The choice of Bucharest as the venue of the high-level meeting is far from accidental. NATO thus shows that the Black Sea and all the Black Sea regions, each with its own specifics and problems, are in its zone of strategic interest. During his speech, U.S. Secretary of State Antony Blinken stated eloquently that the bloc will increase its presence in the area between the Black Sea and the Baltic Sea. Judging by Washington’s growing attention, the Black Sea area is becoming one of the key points of long-term competition between the West and Moscow.
Despite the stabilization of the land part of the front, we cannot say that the Kremlin has abandoned its plans at sea. By blockading the Black Sea coast of Ukraine, the Russian Federation wants to maintain essentially exclusive control over maritime traffic, as well as to project its capabilities onto NATO’s southeastern flank, primarily Romania and Bulgaria. Obviously, in such a situation, there is little chance of any compromise and only one can win in this confrontation.
Moldova is caught up in these geopolitical intricacies, and Moscow’s plans to increase control of the sea by accessing the land in the southern regions of Ukraine will directly threaten our country’s security. Perhaps this was one of the reasons why U.S. Special Operations Command-Europe chief, Steven Edwards, arrived in Chisinau right in the middle of activities held in Bucharest. Admittedly, such a visit can serve as a strong message to Moscow.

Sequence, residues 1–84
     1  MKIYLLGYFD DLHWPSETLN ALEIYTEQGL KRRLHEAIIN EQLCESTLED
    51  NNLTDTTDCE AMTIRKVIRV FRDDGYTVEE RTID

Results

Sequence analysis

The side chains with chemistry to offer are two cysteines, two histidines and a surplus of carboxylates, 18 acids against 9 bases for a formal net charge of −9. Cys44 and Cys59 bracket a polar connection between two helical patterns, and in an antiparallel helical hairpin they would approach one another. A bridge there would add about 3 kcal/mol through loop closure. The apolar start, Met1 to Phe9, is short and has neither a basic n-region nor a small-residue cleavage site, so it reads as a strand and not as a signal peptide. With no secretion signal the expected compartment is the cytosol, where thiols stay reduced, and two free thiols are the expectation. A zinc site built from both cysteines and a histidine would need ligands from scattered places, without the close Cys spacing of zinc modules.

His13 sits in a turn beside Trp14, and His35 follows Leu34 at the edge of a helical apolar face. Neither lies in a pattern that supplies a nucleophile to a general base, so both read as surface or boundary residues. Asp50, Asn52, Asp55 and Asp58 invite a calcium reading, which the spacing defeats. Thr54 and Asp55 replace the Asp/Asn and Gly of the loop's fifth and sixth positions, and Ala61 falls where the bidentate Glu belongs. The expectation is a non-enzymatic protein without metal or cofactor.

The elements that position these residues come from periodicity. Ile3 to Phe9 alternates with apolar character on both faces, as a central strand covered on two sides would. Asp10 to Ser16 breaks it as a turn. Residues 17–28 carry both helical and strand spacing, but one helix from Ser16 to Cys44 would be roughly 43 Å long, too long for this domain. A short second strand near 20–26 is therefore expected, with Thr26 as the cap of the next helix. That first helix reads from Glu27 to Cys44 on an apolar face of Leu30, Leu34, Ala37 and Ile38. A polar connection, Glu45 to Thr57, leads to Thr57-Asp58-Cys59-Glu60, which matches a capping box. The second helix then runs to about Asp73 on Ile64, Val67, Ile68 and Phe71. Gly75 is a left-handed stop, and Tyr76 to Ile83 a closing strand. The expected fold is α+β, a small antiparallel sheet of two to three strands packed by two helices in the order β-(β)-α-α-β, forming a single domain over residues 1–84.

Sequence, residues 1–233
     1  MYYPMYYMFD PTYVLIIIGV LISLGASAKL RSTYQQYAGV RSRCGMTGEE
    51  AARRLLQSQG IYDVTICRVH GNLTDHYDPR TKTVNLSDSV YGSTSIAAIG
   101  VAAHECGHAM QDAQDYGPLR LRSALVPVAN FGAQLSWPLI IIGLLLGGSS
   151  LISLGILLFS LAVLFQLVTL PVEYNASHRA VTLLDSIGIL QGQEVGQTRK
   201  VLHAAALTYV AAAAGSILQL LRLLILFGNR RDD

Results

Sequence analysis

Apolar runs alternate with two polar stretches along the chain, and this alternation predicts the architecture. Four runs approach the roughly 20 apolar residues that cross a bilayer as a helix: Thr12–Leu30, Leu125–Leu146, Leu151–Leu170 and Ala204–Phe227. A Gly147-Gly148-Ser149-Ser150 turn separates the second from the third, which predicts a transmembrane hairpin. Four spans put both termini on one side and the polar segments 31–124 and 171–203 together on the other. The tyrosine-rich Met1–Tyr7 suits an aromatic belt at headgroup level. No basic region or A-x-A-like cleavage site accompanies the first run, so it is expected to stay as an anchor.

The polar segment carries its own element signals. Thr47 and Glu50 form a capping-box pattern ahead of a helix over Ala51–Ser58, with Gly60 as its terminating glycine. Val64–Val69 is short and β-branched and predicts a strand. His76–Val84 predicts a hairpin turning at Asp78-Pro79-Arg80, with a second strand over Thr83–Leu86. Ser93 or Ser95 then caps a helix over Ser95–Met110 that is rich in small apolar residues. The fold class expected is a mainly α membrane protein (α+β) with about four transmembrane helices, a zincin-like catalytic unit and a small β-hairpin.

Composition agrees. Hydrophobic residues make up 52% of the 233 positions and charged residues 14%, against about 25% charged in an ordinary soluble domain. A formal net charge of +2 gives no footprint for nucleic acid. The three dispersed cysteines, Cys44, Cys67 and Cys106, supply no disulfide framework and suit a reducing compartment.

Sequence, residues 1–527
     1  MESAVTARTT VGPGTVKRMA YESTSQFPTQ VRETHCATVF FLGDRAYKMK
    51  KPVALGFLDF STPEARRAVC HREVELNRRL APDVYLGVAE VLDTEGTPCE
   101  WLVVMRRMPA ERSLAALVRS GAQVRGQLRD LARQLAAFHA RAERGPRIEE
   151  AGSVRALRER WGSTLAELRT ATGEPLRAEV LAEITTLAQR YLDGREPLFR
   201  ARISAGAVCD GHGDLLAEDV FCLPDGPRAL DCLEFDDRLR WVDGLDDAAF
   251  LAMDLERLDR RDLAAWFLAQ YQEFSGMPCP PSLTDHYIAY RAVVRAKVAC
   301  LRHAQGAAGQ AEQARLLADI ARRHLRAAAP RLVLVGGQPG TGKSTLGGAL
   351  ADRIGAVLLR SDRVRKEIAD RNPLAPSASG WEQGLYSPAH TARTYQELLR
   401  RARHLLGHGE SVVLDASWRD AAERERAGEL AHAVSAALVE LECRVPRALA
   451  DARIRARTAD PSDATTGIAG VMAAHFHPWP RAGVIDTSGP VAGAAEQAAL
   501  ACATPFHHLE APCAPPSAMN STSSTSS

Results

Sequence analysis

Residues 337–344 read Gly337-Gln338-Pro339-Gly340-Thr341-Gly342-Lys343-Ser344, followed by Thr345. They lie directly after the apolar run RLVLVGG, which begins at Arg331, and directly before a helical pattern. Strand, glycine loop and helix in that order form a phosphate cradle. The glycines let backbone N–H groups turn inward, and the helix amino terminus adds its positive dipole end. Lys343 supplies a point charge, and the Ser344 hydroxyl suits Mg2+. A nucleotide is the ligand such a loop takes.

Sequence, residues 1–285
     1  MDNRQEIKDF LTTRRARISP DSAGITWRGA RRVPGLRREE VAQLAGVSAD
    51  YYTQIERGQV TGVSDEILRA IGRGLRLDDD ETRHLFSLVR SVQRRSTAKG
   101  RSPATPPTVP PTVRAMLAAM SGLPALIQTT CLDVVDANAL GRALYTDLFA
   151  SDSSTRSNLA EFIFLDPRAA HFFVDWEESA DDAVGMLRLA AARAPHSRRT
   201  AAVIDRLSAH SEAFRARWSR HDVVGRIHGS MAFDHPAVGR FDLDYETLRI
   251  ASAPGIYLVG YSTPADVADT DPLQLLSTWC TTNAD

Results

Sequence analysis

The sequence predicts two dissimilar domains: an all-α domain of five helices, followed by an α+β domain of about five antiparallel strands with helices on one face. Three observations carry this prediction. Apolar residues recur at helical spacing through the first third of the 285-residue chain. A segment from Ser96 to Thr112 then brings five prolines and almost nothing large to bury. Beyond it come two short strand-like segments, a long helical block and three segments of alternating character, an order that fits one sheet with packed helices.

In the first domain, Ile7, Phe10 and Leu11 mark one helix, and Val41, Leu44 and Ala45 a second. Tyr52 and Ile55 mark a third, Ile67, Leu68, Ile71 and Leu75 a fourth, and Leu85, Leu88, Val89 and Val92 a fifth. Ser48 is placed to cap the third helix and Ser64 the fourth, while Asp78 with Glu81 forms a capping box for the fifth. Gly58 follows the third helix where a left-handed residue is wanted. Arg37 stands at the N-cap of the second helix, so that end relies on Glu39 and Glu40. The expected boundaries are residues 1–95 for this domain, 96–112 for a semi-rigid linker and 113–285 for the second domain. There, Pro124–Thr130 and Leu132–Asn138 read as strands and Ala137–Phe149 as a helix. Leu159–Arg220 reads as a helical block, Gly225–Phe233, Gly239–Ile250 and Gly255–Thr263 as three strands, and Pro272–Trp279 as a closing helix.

Indeed, U.S. Ambassador Kent Logsdon previously voiced Washington’s intentions to boost military aid for our country to improve the ability to defend its constitutional neutrality. In the context of events in Ukraine, this year has seen heated debates about retention/cancellation of the neutral status. However, our authorities do not yet venture to transform them into some kind of national discussion. Most experts believe that putting the question of security status before the Moldovan public is long overdue. It is true that there is no general consensus among the various segments of the population on this issue – some favor maintaining the current neutrality, others consider it a relic of the 1990s and insist on bolstering military capabilities, while others argue that it would be safest to hide under the “Romanian umbrella”.
I would like to avoid lengthy deliberations of unirea, but for the last few days the Romanian and Moldovan press have been suspiciously exaggerating the topic that the Romanian leadership had convinced Brussels to start latent integration of the two countries in view of Moldova’s inability to sustain itself. And our international partners seem to be running out of stock and desire to keep the republic afloat with financial injections.
We have repeatedly said before that a lot of signs indicate Moldova’s thorough preparations for something very serious. That is why many people are wondering what our Prime Minister and diplomats were discussing in Bucharest about our country, and why NATO, together with the U.S. military, are paying such close attention. And, most importantly, why our leadership keeps a mysterious silence and intrigue. If a bright European future awaits us in a close alliance with Romania and under the military and political patronage of the West, then we can say it quite openly, because everyone has already figured it out.